Presentation is loading. Please wait.

Presentation is loading. Please wait.

Dr. Vinod. B. Mathur Professor & Dean

Similar presentations

Presentation on theme: "Dr. Vinod. B. Mathur Professor & Dean"— Presentation transcript:

1 Importance of integrating economic valuation approach in biodiversity inclusive impact assessment
Dr. Vinod. B. Mathur Professor & Dean Wildlife Institute of India, Dehradun Ecological and economic evaluation approaches for mainstreaming biodiversity in EIA; Saudi Arabia; November, 2008

2 Presentation Outline…
Why measure biodiversity values in economic terms? Valuing biodiversity in economic terms: Global experiences

3 The Context… Environmental and natural resource degradation can be caused by both ‘too little’ and ‘too much’ economic development. A ‘trade off’ needs to be made between environmental conservation and developmental imperatives. This can be achieved by incorporating cost –effective measures to restore, sustain and protect natural systems and maintain environmental quality in all stages of project planning, implementation and operation.

4 Why is biodiversity valuable?
Human well-being is dependent both on strong economy and healthy natural environment. Biodiversity is a natural capital on which societies depend for economic growth. Biodiversity is also intrinsic to the values of beauty and tranquility.

5 Why should we value biodiversity?
Historically, biodiversity has been ‘undervalued’ in development processes Biodiversity is seen as having ‘few’ benefits and its loss is seen as having ‘few’ costs. We need to understand what and how biodiversity contributes to economic activity and society? We also need to understand what are the benefits and costs of an intervention that alters the ecosystem (e.g. development project). more…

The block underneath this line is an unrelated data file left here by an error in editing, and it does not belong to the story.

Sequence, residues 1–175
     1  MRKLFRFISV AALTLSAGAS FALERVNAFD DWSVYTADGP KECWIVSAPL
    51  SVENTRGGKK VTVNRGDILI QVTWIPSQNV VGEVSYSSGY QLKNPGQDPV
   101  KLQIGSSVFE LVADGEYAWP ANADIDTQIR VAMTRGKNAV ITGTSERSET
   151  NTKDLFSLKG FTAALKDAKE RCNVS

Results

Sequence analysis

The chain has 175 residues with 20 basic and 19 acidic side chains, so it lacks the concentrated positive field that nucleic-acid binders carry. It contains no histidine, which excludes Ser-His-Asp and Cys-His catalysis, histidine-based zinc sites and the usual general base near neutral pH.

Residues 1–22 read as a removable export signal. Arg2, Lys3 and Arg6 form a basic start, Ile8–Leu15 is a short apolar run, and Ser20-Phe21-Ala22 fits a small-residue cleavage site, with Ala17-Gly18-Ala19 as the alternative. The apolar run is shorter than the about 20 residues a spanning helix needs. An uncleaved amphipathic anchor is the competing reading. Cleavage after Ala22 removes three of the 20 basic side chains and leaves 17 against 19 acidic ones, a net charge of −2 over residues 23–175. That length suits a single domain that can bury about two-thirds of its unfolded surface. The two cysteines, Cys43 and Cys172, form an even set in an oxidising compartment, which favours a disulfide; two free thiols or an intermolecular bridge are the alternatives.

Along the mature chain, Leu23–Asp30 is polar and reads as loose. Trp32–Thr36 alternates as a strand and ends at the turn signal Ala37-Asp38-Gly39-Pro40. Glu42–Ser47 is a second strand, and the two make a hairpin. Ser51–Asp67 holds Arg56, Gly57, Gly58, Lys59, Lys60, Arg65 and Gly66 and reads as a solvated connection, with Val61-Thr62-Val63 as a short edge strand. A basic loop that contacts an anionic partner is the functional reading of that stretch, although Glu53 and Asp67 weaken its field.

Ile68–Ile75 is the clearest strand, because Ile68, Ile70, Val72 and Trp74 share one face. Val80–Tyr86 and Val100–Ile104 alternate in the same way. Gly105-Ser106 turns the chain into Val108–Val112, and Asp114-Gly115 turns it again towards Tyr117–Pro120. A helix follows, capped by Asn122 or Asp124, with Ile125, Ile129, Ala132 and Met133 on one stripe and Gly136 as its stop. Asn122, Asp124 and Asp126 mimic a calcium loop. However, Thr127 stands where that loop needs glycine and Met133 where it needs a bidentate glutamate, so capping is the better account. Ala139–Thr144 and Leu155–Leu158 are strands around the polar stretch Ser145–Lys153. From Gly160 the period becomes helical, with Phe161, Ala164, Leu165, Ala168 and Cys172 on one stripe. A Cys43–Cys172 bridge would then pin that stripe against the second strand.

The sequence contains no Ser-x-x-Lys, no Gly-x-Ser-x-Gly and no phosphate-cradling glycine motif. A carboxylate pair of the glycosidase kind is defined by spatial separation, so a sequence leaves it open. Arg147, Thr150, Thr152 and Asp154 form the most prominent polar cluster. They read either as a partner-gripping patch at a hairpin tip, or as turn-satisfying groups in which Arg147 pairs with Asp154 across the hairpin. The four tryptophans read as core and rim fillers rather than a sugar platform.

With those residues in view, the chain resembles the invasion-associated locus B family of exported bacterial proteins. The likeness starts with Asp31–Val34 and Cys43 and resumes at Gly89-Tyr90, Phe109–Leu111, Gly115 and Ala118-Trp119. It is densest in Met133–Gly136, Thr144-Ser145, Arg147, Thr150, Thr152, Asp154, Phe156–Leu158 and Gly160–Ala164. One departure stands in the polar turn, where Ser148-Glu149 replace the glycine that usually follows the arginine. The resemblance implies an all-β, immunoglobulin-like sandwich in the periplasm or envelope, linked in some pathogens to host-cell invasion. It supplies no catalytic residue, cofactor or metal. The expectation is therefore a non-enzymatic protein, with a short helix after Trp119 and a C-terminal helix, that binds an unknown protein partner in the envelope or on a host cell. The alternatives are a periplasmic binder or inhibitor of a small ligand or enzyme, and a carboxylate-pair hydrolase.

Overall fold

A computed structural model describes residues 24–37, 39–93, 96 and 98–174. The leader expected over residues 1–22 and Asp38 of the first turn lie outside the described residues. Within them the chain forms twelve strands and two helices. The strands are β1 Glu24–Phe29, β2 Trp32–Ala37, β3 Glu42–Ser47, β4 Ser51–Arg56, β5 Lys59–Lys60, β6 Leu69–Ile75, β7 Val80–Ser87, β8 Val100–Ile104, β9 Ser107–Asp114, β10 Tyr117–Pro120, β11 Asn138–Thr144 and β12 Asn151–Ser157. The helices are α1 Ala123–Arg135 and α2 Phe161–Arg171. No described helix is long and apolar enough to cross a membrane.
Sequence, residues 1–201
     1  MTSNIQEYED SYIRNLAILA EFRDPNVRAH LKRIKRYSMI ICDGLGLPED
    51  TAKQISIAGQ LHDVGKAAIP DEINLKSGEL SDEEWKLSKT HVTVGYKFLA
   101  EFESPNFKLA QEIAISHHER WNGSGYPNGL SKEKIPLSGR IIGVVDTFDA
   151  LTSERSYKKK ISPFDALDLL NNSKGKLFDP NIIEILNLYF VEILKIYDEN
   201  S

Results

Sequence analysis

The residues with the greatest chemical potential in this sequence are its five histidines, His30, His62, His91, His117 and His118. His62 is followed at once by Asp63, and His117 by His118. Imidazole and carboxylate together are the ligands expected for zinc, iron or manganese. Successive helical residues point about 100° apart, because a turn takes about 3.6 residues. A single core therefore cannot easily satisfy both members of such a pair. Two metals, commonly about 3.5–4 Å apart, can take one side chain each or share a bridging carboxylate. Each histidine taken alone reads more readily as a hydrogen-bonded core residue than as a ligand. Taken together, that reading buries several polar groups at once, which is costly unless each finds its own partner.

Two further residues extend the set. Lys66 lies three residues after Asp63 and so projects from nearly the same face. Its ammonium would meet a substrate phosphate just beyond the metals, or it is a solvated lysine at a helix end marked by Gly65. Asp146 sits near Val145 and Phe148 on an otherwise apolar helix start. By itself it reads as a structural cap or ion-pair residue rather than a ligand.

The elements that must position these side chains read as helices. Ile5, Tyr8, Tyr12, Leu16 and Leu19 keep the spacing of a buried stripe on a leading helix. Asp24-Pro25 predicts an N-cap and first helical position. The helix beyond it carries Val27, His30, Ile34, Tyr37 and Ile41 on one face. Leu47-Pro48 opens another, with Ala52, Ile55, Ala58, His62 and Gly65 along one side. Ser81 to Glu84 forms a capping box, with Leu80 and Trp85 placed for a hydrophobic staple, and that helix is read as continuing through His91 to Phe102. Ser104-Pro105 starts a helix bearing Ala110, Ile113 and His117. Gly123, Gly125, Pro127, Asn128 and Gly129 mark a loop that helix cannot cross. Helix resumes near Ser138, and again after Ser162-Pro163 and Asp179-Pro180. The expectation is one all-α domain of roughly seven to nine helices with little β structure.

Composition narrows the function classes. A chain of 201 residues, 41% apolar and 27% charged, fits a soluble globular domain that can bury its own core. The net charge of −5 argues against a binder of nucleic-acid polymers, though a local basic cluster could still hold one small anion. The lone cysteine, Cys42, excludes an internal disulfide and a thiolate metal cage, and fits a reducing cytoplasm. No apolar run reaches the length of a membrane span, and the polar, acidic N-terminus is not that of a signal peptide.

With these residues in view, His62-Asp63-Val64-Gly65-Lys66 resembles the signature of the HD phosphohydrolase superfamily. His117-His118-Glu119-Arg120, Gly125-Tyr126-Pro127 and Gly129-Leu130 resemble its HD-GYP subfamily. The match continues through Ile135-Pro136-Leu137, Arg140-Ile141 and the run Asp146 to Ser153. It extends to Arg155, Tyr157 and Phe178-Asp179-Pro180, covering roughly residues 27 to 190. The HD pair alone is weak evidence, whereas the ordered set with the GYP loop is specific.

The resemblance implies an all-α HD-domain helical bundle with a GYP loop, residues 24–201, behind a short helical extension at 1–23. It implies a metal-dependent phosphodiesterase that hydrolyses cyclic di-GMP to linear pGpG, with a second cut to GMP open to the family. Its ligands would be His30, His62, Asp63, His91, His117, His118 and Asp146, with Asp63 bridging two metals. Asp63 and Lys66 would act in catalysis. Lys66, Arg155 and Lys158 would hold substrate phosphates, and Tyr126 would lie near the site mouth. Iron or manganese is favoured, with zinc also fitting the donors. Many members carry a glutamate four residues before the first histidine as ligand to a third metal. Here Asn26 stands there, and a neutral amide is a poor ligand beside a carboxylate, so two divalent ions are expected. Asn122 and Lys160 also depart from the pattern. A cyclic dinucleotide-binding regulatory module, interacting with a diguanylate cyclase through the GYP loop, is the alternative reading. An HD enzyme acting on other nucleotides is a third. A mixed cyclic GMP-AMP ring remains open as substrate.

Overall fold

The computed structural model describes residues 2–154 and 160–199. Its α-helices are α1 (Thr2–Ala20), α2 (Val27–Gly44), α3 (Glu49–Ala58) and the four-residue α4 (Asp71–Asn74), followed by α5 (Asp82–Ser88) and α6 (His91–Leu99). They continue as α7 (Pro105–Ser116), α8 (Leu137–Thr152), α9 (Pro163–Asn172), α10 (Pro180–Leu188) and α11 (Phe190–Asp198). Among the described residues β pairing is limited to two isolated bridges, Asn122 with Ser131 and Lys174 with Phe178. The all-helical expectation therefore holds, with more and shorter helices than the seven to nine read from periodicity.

6 Why should we value biodiversity?
How are costs and benefits of a change in ecosystem distributed? Valuation can put biodiversity in the ‘right’ frame and focus. The approach should therefore be to ‘measure’ biodiversity values; ‘market’ these values. The biodiversity market will then drive its management towards sustainability.

7 Costs, Benefits & Conservation

8 Costs, Benefits & Conservation

9 Costs, Benefits & Conservation
Key Issues Who gains and who looses from a project/ activity? How can we ‘re-distribute’ losses and gains?

10 What does valuation tells us?
It provides a ‘sum-total’ of economic benefits and costs of biodiversity conservation. At varying time periods as valuation are not static Under differential management and economic conditions Under varying landuse and investment options It indicates the ‘status’ of biodiversity. Whether is being degraded or lost and at what rate? It also points to the need for applying better economic policies and instruments for ensuring human well- being.

11 Applications and limitations of biodiversity valuation….
It highlights costs and benefits and the ‘cost bearers’ and ‘beneficiaries’ that in the past have been ignored. Valuation thus provides a set of tools that enable us to make better and informed decisions. Unfortunately, valuations generally tend to underestimate biodiversity values at a large scale as interactions are too complex to understand. more…

12 Applications and limitations of biodiversity valuation….
When benefits relate to attributes such as human life, cultural or religious ethos, valuations raise ethical question especially when they focus on financial or cash benefits at the expense of other types of values that cannot or should not be valued. Many times, valuation studies are not definitive and transferable between groups and locations. They are often based on the perception of a particular group at one point of time and may not be universally valid.

13 Obstacles in biodiversity valuation
Lack of data/ information on biophysical environment. Methodological constraints as well as accuracy of evaluation techniques. Ethical issues relating to valuing environmental impacts in monitoring terms.

14 Key message… It is relatively easy to spend huge money on valuation and yet get results that may not be useful and precise. So…… revisit objective of evaluation, look at time, budget and capacity and strengthen the process.

15 Valuing biodiversity in economic terms: Global experiences

16 Moving from theory to practice Case studies:
Yali Hydropower Plant in Vietnam Mantadia National Park in Madagascar Kala Oya River Basin, Sri Lanka

17 Economic valuation of environmental impacts
Relies on careful identification and measurement of the biophysical changes produced by a project or alternative project designs. A variety of tools and techniques are now available to decision makers for economic valuation each having relative strengths and weakness.